"We have to go to extremes every once in a while," explains grandmotherly, bespectacled Roberta, one of the five New York City cineastes who are the subjects of this pithy doc. Yeah, no kidding. Roberta’s been known to disrobe in a too-warm theatre rather than complain to the management; at the end of the film, a MoMA staffer relates how Roberta literally throttled her for tearing an otherwise collectible ticket. Then there’s Harvey, who "will watch anything" and knows the running time of any movie by heart. Eric sleeps on a threadbare couch in a dreary room waist-deep in clutter and is obsessed with the contract starlets of yesteryear. Mousy Bill subsists on peanut-butter sandwiches from a tote bag and follows a precise urination schedule prior to each screening. Unsurprisingly, he hasn’t had sex "in many years." And then there’s Jack, a likable intellectual who has the presence of mind to declare theirs "a hopeless, Sisyphean life" but still eats a constipating diet, lest nature’s call disrupt the down-to-the-minute dashes between theatres that make up every day. The wrong seat or the slightest error in projection is a crisis. These people are invested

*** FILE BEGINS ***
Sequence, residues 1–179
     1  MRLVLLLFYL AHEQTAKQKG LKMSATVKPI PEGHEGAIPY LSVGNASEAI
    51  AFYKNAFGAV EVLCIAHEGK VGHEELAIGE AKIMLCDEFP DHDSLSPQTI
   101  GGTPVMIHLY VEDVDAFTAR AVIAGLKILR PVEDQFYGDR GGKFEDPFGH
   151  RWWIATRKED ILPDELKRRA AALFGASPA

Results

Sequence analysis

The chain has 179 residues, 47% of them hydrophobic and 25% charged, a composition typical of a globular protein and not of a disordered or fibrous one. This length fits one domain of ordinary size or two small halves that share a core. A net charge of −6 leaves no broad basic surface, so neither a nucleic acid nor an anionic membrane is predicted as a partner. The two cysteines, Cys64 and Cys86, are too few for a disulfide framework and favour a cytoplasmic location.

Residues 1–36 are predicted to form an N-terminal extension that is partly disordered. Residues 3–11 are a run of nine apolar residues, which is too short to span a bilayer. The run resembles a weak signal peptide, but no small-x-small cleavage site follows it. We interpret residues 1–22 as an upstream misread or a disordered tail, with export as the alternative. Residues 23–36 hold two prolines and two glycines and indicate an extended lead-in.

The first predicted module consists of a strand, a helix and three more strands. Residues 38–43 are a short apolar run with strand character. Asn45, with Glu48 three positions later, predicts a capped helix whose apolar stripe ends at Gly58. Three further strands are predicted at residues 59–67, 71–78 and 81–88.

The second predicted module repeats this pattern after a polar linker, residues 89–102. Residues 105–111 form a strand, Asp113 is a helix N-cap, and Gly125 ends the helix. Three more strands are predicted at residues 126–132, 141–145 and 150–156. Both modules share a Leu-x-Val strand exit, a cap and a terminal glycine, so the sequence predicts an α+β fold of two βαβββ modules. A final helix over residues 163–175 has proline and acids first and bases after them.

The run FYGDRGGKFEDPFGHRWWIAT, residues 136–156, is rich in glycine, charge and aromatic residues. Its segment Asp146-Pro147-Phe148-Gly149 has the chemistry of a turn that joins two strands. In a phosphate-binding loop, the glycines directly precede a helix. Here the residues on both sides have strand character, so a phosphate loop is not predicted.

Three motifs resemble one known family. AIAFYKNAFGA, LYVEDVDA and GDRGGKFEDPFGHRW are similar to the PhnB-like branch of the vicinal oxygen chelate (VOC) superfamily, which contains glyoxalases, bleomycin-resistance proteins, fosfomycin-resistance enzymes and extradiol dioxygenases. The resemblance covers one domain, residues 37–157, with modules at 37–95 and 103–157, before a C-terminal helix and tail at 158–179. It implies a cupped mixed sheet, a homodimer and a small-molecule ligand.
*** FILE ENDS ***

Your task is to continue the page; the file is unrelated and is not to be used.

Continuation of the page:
. Directors Christlieb and Kijak don’t have to do much more than point the camera at their subjects, whose every word and gesture is self-revelatory. Like so many documentaries about the lovable oddballs among us, the film walks a fine line between observation and exploitation. There are plenty of uncomfortable moments (Bill displays his regimen of psych meds; Roberta offhandedly mentions that she expects to be evicted) but Christlieb and Kijak unwisely pave them over with a soundtrack of cheerful synthetic pop tunes by Stereo Total. However, if these attempts at kookiness are disingenuous – and they probably are – they’re at least offset by the film’s awkward intimacy. You won’t be able to hum the catchy, eponymous theme song the next day, but you will likely recall Bill’s fruitless attempts to attract a European bride (and thereby a residence in Paris, the world’s premier film mecca) by dropping off his calling card at a French restaurant. The editing is artful enough, culling informative montage – how does one live in New York City and see movies constantly without a job? – from doubtless hundreds of hours of footage shakily shot amid sidewalks, subways, and screening rooms. A couple of the cinemaniacs are less defined than others, but the portrait that emerges is a detailed composite of life on the fringe.